Since I don’t have fast and stable internet connection, I chose to download the iOS 5 firmware from Apple’s server (you can find the links for iPad, iPhone, and iPod touch) instead of updating directly from iTunes. If you updating from iTunes (you need a new version of iTunes that you can download here), you just need to back up your iOS devices before you click update button in your iOS devices’ Summary tab (you can find step-by step here).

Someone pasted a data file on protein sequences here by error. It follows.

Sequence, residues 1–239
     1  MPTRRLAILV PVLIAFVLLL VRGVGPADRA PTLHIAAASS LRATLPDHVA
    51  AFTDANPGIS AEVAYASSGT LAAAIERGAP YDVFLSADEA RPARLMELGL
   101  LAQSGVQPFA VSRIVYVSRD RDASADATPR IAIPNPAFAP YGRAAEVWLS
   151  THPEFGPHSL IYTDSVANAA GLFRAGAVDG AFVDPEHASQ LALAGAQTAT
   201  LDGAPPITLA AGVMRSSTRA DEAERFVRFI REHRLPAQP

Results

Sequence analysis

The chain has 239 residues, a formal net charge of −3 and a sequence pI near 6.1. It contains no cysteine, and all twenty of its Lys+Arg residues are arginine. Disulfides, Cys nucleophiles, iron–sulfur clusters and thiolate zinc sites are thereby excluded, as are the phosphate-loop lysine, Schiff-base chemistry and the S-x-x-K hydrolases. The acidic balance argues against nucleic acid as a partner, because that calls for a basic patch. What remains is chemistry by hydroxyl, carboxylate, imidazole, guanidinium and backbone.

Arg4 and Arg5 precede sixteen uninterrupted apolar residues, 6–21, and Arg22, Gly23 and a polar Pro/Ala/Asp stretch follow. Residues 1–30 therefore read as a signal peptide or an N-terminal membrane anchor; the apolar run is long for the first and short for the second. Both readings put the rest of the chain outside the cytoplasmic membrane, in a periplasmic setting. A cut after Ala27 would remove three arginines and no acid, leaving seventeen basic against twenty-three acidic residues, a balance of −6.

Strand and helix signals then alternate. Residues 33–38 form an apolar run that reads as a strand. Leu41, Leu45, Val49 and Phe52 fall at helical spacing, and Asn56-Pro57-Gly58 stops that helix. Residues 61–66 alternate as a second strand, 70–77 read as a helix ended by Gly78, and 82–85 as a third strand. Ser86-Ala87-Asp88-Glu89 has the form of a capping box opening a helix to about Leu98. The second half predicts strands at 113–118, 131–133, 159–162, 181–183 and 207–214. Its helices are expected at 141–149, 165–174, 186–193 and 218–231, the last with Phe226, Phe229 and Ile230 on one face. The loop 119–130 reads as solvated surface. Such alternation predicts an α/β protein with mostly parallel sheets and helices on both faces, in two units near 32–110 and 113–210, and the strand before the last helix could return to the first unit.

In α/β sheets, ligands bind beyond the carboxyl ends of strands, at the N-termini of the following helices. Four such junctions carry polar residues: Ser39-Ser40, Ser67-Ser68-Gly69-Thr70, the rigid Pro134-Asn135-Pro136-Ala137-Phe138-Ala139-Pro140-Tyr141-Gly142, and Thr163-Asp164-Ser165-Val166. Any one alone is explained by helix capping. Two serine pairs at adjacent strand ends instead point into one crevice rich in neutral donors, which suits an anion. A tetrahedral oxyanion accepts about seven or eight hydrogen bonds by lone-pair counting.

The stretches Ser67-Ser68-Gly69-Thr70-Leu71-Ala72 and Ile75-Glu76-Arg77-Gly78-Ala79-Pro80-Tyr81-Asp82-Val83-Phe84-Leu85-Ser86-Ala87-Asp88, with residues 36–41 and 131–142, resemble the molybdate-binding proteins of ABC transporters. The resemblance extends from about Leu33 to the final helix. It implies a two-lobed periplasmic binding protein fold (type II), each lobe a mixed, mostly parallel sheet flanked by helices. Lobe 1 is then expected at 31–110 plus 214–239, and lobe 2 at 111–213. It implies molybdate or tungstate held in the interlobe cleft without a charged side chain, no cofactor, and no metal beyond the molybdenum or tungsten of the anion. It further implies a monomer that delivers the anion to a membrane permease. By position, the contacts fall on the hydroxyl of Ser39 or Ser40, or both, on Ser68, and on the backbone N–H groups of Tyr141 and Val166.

My first trial results a failure. Since I update from ipsw file and I use a PC, I need to click and hold “shift” while I click “Update”. I select the ipsw file and then the file start extracting. After it try to contact Apple server to check eligibility of my device to be updated to this particular version of iOS, iTunes gave me an error warning pop up. It is the error 3194. I tried to repeat the process many times and every time this pop up always appears. At first, I thought I have a problem with my internet connection but after I try to browse some site, it seemed just fine albeit a little slow. I try to browse the internet about this problem but I didn’t find a straight forward answer. Some sites suggest the problem is in the “hosts” file that is located in C:\Windows\System32\drivers\etc\hosts. There was a reference in that file that directed the connection to gs.apple.com. Because of this, iTunes will always fail to update the iOS. I kept on browsing and I found several references for step-by-step solution (this and this) and I followed it. I made a copy of that “hosts” file, move it to somewhere else. Then I opened the original file via Notepad and delete all the contents and save. Then I restart iTunes and I try to update from ipsw file again. It worked!! No error 3194 pop-up anymore.